Wow! Good idea! Now I know what to do with that 5 year collection of poly bags that I just couldn't throw out! And yes, got to watch out for excess exposure to sunlite.
foobear (author)  gerflash1 year ago
glad to help
kyluddy1 year ago
This is a great idea! You did a great job and it's a perfect idea! Its a great way to recycle and it's just plain awesome. Really good job.
foobear (author)  kyluddy1 year ago
Thank you. Your comment is 100% positive and I really appreciate that.
gserrano7015 months ago

Great idea. I've done rope using stretched stripes of plastic, I opted for stretching because by doing it the molecule chains in the plastic straighten out and asume a parallel configuration along the axis of the strain. In my tests a strip of plastic increases in length between 5 and 7 times, depending on the type/quality of the plastic. The gain in stregth is enormous.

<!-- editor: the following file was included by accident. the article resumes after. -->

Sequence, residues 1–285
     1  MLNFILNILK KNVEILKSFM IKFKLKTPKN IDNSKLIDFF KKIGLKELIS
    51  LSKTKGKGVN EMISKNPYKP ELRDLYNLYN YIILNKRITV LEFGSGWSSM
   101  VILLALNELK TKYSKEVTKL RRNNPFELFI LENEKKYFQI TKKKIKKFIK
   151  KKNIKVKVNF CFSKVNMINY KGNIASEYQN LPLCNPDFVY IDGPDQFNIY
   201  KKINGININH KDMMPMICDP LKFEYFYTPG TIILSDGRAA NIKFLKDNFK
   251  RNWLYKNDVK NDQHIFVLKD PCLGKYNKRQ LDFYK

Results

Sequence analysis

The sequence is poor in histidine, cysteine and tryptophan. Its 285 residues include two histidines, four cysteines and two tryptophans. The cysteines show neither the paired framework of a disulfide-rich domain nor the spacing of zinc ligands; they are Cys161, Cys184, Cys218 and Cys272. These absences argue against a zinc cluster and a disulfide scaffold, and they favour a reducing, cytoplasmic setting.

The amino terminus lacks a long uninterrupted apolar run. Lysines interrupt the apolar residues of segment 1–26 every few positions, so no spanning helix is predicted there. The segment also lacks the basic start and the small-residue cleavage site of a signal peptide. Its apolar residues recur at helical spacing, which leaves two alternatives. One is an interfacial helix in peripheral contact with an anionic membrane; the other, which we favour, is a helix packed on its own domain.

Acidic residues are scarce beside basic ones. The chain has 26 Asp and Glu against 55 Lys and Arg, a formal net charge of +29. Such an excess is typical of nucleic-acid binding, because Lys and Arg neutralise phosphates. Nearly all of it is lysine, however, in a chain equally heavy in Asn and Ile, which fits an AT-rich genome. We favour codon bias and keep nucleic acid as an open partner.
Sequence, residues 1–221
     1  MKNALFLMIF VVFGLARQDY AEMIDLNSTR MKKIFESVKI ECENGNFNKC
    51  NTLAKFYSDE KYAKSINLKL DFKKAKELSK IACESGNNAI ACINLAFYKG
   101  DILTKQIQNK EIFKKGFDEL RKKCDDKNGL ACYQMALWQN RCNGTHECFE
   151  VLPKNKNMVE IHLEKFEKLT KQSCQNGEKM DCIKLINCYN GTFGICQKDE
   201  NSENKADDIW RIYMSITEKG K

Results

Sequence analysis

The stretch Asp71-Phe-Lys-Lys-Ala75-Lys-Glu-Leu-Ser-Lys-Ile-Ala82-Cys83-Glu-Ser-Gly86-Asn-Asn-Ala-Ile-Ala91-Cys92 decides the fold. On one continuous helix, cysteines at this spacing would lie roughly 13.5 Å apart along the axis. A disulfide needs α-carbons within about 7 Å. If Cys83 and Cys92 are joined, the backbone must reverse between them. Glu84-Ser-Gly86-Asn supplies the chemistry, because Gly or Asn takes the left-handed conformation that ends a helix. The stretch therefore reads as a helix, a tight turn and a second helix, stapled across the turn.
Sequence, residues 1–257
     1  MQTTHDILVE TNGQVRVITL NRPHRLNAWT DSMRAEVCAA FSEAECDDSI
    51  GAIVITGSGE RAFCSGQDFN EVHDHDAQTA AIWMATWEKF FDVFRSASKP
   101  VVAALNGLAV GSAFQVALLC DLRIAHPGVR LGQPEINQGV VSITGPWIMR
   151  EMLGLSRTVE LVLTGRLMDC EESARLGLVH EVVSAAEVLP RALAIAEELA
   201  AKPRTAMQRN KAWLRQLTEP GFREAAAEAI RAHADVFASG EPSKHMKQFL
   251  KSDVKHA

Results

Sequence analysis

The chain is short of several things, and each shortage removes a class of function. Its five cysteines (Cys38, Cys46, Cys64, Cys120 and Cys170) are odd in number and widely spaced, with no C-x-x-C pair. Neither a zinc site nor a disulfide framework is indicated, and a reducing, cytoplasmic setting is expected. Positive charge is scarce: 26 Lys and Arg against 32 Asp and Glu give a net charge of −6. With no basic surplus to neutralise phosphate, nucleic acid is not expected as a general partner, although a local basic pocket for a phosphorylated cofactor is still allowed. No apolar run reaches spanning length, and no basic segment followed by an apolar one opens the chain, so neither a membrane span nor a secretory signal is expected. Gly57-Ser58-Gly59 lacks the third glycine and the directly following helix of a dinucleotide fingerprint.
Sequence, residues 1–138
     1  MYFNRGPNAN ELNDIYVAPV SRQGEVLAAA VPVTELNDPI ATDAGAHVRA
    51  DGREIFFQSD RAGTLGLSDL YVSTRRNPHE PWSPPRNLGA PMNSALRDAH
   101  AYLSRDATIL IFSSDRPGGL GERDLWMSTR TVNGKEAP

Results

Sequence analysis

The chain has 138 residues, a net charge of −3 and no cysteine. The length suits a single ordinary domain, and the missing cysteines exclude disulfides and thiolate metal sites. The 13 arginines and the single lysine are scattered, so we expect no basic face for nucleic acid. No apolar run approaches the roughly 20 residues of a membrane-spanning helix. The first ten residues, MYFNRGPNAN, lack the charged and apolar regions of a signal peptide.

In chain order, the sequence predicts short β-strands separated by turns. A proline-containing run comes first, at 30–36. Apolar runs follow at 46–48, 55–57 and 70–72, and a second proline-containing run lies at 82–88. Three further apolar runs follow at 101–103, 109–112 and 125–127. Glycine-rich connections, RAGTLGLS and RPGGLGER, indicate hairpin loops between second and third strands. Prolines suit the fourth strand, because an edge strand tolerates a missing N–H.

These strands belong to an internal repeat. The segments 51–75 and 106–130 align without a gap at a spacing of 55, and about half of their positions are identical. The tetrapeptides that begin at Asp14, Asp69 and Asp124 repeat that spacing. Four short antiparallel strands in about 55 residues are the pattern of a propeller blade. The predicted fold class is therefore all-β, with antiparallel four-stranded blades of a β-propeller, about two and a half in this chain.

I like it.

hello i Think is an amazing idea, i got exited and jumped the gun and didn't finish reading the instructable and started doing a three strand braid do you think it will be a problem

foobear (author)  Woodlandboy461 year ago
that's cool that you were excited! I'm sure a three strand braid will be very strong as well
devinnov281 year ago
i will try this now!
Light_Lab1 year ago
As many people have mentioned all plastics are degraded eventually by sunlight and/or oxygen. The degradation is usually limited by UV absorbers and antioxidants in plastics used outdoors. Plastic bags are expected to breakdown quickly in the environment so little or no protection is added. In fact we have in Australia some starch based bags that break down very quickly. Depending how you use the ropes and where you leave them tied in the environment it might not be a bad thing.
As this site has a global audience I should mention that the polymers used to make plastic bags varies considerably throughout the world and in different applications. HDPE, LLDPE, LDPE, starch etc etc each plastic has a different modulus (stretchiness). The plastic in the picture appears to be HDPE so it is quite rigid.
The reason the bags used tear easily in one direction indicates that the blow up ratio wasn't balanced when the bags were made. It is a manufacturing defect that might not be consistent with different bags.